Food Systems Governance

How to explain that despite growth in food production, many are still lacking of adequate food? This is a classic question that has been investigated by many leading lights from various disciplines, including the Noble Laureate Amartya Sen in his groundbreaking research in the 1970s. But challenges remain and this is the focus of the new volume edited by Amanda Kennedy and Jonathan Liljeblad from University of New England Australia. The title of this book is Food Systems Governance: Challenges for justice, equality and human rights. Their starting point is law, and what is the role of law to form the pivot around which these issues are addressed in society in the form of food governance mechanisms. Accordingly the chapters in this book address a range of issues in food governance revolving around questions of justice, fairness, equality and human rights.

I am honoured to have been given the opportunity to contribute to this exciting publication. My chapter entitled ‘Transnational Legal Processes of the Right to Food: Lessons Learned from Papua, Indonesia’, discusses whether and how the growing network between transnational actors that advocate the right to food delivers political change, in the sense that they challenge order the power in society. The paper is based on the paper I presented during the Conference under a similar title, held in Beijing China, May 2014.

Who owns the right to food?

The journal of Third World Quarterly recently published my article entitled: “Who owns the right to food? Interlegality and competing interests in agricultural modernisation in Papua, Indonesia”.

The  article dicusses the extent to which the competing as well as conjoined interests of actors involved in agricultural modernisation are reconfiguring the right to food. Agricultural modernisation provides such a context to study the interplay between global and local levels and between various legal and normative frameworks, as well as how the right to food is promoted or jeopardised in these interactions. The focus here is twofold: first, it is on existing norms linked to the wider understanding of the right to food; and second, on the diverse interests supported by the state, corporations and civil society organisations, particularly indigenous rights movements.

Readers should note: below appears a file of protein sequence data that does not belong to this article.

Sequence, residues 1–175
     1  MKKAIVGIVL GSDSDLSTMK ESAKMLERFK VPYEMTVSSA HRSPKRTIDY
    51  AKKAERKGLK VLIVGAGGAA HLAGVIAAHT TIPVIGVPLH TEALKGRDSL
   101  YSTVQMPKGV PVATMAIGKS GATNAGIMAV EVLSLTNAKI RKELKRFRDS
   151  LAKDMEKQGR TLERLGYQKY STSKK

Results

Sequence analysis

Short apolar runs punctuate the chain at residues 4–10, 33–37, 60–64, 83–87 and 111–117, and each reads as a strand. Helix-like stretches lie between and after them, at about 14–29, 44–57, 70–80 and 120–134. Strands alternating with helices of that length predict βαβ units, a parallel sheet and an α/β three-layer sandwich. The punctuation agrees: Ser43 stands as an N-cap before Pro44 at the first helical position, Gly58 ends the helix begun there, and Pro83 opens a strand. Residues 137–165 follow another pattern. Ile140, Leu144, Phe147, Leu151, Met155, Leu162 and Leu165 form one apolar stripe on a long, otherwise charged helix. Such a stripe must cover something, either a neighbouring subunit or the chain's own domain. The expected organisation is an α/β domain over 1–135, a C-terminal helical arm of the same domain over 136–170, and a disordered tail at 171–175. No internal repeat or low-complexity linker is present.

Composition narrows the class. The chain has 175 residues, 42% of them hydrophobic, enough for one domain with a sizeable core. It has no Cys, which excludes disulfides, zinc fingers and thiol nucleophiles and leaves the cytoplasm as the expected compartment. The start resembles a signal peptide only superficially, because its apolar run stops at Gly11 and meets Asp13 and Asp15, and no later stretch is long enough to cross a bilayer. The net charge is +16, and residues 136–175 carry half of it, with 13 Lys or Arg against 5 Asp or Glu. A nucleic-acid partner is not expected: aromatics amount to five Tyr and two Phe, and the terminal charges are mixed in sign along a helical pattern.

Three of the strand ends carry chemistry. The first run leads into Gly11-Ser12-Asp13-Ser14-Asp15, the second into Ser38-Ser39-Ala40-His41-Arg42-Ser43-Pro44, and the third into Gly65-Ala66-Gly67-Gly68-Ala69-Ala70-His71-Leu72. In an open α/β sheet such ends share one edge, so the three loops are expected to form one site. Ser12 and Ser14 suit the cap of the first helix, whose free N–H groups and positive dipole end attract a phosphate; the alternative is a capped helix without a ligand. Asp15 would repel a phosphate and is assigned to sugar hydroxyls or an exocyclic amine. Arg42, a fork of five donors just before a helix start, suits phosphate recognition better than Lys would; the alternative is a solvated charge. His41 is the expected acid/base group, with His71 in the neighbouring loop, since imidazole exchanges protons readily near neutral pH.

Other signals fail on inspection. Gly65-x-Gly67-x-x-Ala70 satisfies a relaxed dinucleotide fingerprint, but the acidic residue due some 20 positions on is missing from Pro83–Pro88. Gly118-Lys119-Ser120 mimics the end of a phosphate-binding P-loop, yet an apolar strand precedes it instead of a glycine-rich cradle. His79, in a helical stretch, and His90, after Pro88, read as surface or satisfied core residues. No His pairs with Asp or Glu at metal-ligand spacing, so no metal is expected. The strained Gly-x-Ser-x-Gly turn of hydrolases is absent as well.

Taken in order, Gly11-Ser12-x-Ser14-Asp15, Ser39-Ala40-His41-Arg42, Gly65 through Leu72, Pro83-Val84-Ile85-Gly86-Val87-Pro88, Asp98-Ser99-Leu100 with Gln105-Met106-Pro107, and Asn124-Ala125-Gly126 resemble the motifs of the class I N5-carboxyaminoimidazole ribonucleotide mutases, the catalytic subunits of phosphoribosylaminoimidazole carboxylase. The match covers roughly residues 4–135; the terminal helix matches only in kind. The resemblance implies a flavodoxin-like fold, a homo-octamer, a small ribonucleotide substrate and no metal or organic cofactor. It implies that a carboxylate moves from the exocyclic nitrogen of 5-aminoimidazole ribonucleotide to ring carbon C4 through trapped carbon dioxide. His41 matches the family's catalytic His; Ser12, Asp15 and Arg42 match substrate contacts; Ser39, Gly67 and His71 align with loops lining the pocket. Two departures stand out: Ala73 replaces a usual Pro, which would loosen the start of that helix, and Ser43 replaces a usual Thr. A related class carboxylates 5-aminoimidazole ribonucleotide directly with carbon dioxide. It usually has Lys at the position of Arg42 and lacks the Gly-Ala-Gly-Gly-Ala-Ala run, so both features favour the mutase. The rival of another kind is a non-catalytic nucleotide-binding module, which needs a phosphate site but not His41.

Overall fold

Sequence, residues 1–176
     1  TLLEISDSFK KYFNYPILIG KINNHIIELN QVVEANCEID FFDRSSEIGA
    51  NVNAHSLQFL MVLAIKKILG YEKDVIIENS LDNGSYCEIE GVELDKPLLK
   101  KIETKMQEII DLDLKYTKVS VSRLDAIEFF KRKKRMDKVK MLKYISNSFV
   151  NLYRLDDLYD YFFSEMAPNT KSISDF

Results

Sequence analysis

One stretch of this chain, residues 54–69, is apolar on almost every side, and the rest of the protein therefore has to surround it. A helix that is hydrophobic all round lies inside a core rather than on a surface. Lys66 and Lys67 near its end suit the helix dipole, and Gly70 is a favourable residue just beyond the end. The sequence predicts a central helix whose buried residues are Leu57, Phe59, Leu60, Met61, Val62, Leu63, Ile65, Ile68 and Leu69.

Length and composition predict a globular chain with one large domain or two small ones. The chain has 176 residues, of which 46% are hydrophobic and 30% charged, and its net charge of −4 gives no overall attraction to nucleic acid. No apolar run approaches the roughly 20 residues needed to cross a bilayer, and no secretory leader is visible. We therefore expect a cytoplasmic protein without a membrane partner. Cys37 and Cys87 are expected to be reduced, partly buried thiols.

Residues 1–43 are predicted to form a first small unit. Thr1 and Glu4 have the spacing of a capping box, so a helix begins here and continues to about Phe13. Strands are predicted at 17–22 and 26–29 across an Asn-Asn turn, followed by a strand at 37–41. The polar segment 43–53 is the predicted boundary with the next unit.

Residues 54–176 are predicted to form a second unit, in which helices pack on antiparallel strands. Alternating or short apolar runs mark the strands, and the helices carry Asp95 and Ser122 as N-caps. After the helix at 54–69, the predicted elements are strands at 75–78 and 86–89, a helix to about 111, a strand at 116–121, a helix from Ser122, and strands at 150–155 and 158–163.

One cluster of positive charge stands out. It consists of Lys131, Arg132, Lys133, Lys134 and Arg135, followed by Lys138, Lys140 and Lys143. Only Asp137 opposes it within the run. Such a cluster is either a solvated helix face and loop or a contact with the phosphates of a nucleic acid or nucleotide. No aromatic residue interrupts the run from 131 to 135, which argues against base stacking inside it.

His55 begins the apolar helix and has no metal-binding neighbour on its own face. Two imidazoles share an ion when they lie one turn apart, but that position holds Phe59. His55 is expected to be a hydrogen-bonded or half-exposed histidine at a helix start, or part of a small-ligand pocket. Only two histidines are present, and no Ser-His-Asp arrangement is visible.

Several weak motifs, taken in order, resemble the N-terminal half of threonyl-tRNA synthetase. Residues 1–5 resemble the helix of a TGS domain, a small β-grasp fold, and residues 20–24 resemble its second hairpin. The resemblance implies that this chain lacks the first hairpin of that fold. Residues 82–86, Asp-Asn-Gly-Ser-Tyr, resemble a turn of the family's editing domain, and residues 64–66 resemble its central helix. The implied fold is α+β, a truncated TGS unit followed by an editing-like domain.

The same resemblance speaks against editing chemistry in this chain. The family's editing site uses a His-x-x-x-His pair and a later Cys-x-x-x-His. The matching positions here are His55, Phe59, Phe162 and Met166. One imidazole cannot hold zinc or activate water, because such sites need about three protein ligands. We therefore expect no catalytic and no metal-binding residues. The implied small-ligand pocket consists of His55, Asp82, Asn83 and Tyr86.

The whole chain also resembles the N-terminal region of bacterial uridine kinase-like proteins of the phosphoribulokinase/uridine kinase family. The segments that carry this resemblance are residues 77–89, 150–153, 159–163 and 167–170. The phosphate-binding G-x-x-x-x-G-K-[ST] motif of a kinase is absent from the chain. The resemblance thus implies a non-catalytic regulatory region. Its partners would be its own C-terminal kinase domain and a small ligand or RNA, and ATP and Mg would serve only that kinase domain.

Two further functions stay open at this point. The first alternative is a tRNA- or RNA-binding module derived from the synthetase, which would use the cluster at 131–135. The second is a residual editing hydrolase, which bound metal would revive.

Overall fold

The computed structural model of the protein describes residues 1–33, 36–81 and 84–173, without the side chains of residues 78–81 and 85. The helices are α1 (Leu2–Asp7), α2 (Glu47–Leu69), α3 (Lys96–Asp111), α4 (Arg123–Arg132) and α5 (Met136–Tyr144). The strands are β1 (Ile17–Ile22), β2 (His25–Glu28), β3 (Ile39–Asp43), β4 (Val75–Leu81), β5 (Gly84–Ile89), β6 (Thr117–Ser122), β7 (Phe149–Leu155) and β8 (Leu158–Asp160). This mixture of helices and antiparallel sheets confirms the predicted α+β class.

Law, Democracy and the Socio-Economic Rights

The problem of implementation deficits may be an inherent trait for human rights in general, including socio-economic rights. In this regard, much commentary on human rights in developing countries, particularly written by international human rights NGOs, as well as from the rights-based approaches camps, has suggested that the problem lies primarily in inadequate protection for human rights in countries’ legal frameworks. Here, many view law, accepted, ratified and/or codified as a powerful force for change. The focus has been on identifying legislative and policy gaps. But what explains countries’ slow and uneven progress in implementing socio-economic rights?

An article written by Andrew Rosser and Maryke van Diermen critically engages with this topic by arguing that the most important determinants of socio-economic rights outcomes in developing countries, such as Indonesia, lie in the political and social, rather than the legal realm. Indonesian average score on the Social and Economic Rights Fulfilment (SERF) Index shows an uneven improvement across socio-economic rights. The country has made significant progress in the rights to education and health but rather less progress in the rights to food, work and housing. The authors argue that the competing elite network over resources and power, such as reflected in the electoral process, has created a persistent obstacle for realising these rights, despite an increasing political and social space claimed and acquired by social movements.

I support this argument but also think that this approach reduces the scale of implementation problems into mere non-fulfillment ones. The implementation of socio-economic rights requires protection as much as fulfillment. And therefore a question is asked: doesn’t legal institutional design matter in how states respect, protect and fulfil these rights? Because what is missing in the argument is how the dynamic between actors affects existing enforcement mechanisms, for instance the role of prosecutorial independence and prosecutorial accountability.